APRIL 01, 1983 by ERNEST ROSS
Mr. Ross is an Oregon commentator and writer especially concerned with new developments in human freedom.
Robots are nothing special. Oh, they are wonderful machines and the world has never seen their likes before. But in an economic sense, that’s all they are—machines. Consequently, the almost frenetic fears we are witnessing—the fear that robots will have a devastating effect on employment, that they are “taking over” the job market—are ridiculously misplaced. Worse, these fears ignore the economic principles which apply to the introduction of any kinds of machines.
Fear of machines is probably as old as the wheel. I can imagine a brief prehistoric conversation which went like this:
“Gee, Ugar,” said the first caveman to his friend, “that thing you call a ‘wheel’ is really amazing, but I’m not sure the tribal council is going to allow it.”
“Why in the world not, Grug?” asked the other caveman. “Can’t they see that it’s helped the tribe immensely? The women can use carts to haul the water, the men to bring back heavier game, we can even carry in big rocks to build walls to fortify our caves against those pesky Neanderthals who keep stealing our flint spears! How can that be bad?”
“Yes, I know you mean well, Ugar. But I doubt that you’ve noticed all the ramifications. Some of us think that the wheel is making for idle hands. After all, since the wheel makes certain kinds of work easier, some of the people who used to haul things on their backs don’t have anything to do now. It’s causing unemployment in the tribe! I’m not sure that should be allowed.”
“But for goodness sake, Grug, that just means those people are free to do other things!”
“Well, it seems they don’t really want to, Ugar. After all, the only thing most of these people know is hauling; they’ve grown up with it.”
“But the wheel has made us a wealthier tribe!”
“Yes, Ugar, it has. But wealth isn’t everything. Job security is pretty important. The displaced haulers have demanded protection from your invention!”
At this point we leave the frustrated Ugar sputtering with rage over man’s first encounter with government fiat against a machine.
The same argument circulated through history whenever any new machine was introduced: calligraphers objected to the printing press; blacksmiths to automobiles; hand-weavers to weaving machines; newspapermen to radio and television. You name it, wherever a new machine was introduced, there was one standard argument: this machine is going to throw people out of work!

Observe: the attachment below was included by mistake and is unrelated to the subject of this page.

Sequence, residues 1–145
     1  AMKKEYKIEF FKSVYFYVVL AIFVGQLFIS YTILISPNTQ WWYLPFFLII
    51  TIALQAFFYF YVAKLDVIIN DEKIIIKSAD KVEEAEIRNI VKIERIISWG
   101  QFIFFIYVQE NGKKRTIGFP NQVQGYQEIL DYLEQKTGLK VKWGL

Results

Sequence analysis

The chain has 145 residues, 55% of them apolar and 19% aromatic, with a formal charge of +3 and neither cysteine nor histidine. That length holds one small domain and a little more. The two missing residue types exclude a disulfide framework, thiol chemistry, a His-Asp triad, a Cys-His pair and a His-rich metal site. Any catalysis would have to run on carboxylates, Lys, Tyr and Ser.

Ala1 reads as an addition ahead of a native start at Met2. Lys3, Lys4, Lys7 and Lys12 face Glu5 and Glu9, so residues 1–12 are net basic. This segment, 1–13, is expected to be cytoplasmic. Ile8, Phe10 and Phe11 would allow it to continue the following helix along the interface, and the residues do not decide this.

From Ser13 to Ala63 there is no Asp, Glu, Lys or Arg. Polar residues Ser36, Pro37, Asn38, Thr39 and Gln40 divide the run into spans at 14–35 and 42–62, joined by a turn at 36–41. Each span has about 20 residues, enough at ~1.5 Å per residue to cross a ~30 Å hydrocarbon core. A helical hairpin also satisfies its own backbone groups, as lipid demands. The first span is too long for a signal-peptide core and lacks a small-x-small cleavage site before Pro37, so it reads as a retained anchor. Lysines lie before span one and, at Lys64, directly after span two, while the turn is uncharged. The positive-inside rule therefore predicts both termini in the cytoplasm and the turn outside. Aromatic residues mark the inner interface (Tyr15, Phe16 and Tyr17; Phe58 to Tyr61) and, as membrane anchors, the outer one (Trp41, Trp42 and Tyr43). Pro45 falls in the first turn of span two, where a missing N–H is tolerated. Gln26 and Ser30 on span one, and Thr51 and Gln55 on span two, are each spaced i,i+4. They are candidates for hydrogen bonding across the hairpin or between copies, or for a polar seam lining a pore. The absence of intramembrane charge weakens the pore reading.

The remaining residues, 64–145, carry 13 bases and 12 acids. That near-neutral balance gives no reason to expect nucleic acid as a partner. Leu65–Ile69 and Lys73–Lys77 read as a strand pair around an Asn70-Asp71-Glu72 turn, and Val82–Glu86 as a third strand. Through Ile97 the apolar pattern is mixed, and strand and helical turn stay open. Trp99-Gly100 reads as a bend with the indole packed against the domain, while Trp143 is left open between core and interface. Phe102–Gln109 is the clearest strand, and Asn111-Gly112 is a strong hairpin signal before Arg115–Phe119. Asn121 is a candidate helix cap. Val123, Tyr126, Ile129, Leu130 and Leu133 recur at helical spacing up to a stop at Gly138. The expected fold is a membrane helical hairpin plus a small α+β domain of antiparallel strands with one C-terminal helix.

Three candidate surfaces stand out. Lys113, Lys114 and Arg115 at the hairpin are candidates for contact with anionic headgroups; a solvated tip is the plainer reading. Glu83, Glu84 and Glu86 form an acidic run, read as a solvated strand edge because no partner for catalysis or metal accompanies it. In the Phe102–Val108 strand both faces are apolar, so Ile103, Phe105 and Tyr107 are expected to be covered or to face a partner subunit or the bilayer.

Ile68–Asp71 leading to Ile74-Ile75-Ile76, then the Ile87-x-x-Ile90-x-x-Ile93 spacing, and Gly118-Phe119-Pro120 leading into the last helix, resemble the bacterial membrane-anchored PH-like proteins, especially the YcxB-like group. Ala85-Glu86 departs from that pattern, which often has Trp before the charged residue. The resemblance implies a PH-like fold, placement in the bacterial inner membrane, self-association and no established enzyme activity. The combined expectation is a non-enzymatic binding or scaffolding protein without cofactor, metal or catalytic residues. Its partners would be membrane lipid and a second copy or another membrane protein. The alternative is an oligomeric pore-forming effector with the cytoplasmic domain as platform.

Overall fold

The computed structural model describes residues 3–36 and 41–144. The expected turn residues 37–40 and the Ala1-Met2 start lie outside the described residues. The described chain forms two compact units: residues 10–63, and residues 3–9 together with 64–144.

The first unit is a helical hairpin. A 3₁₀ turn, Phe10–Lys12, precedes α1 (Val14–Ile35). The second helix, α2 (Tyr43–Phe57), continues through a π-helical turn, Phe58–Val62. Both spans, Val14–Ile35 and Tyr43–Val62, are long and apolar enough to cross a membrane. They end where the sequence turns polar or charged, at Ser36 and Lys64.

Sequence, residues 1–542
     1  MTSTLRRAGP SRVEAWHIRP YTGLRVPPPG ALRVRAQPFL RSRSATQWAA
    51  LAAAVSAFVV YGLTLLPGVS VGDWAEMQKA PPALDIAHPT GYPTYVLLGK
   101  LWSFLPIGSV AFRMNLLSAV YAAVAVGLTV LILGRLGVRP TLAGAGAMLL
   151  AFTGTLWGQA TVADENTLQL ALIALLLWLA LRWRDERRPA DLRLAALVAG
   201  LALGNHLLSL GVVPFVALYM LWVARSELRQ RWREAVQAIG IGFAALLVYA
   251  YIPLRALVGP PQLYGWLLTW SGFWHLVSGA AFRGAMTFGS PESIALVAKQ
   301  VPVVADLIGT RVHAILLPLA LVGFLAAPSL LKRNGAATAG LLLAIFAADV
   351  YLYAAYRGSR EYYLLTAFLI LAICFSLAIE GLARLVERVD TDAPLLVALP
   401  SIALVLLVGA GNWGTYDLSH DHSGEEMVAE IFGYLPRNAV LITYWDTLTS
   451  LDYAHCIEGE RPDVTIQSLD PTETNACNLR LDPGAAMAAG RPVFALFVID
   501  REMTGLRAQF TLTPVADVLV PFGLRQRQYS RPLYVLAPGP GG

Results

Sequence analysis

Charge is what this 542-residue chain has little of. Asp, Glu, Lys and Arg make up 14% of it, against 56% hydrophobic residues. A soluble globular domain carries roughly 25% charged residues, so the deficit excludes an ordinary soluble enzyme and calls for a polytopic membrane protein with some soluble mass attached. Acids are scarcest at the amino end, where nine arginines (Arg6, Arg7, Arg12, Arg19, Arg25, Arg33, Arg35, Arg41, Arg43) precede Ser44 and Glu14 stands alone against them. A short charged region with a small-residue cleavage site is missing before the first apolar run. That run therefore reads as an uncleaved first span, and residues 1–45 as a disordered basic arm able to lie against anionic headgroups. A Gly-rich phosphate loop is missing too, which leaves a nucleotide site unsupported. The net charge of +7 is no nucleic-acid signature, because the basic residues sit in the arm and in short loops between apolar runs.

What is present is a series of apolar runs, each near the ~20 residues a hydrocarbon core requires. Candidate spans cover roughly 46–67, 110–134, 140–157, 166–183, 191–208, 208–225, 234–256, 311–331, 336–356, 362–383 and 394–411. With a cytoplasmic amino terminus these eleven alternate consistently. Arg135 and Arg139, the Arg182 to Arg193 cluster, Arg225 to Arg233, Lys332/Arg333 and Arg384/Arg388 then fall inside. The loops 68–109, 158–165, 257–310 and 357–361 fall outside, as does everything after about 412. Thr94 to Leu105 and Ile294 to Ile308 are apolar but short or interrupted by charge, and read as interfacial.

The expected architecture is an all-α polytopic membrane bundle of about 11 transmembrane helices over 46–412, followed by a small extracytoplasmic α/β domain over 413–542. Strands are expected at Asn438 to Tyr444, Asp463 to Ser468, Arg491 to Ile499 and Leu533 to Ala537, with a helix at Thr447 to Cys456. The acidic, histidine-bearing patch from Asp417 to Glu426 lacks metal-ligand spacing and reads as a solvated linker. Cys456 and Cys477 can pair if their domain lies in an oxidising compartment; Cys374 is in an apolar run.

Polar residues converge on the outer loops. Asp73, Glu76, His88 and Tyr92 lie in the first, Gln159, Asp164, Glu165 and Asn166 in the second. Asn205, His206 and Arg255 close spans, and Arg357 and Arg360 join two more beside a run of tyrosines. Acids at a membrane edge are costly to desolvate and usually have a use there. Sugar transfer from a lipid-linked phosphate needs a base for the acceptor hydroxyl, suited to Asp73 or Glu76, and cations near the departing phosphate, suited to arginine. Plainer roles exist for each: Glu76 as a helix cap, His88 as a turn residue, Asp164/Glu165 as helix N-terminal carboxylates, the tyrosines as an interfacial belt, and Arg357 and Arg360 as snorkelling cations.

In the short run, it is often true. And it can be quite tragic. As F. A. Hayek wrote nearly forty years ago, “That anyone should suffer a great diminution of his income and bitter disappointment of all his hopes through no fault of his own, and despite hard work and exceptional skill, undoubtedly offends our sense of justice. [But fulfilling the] demands of those who suffer in this way, for state interference on their behalf to safeguard their legitimate expectations . . . becomes a privilege at the expense of others whose security is thereby necessarily diminished.”
We can easily see what Hayek meant. Often the very reason producers buy machinery, such as robots, is to lower their labor costs. Labor makes up the bulk of expenses in most businesses. If a machine can produce more than a worker, then the businessman is smart to get it in order to maximize profits. And this is precisely what manufacturers the world over are doing with robots.
The Other Side
While some workers are losing their jobs to these mechanical marvels, there is another side to the story—a side which the labor-protectionist lobbyists and policymakers are conveniently ignoring: Any increase in productivity ultimately results in higher profits which are then reinvested. The reinvestment in turn ends up creating more jobs—although frequently of an entirely new type.
However, when policymakers pass legislation outlawing or restricting the use of robot labor- saving devices, they are granting the “privilege” Hayek was addressing—a privilege which diminishes the security of others who would have had the new and often better jobs that the increased productivity would have eventually created.
Introducing robots and other new machinery is a crucial use of capital in a free economy. Efforts to prevent its introduction constitute what Brian Summers aptly called “capital held hostage,” a condition which has stultifying economic effects. “New businesses, new products, and new jobs,” Summers writes, “won’t appear because the needed resources are tied up in inefficient production processes [which lead to] greater costs, higher prices, and lower real incomes.”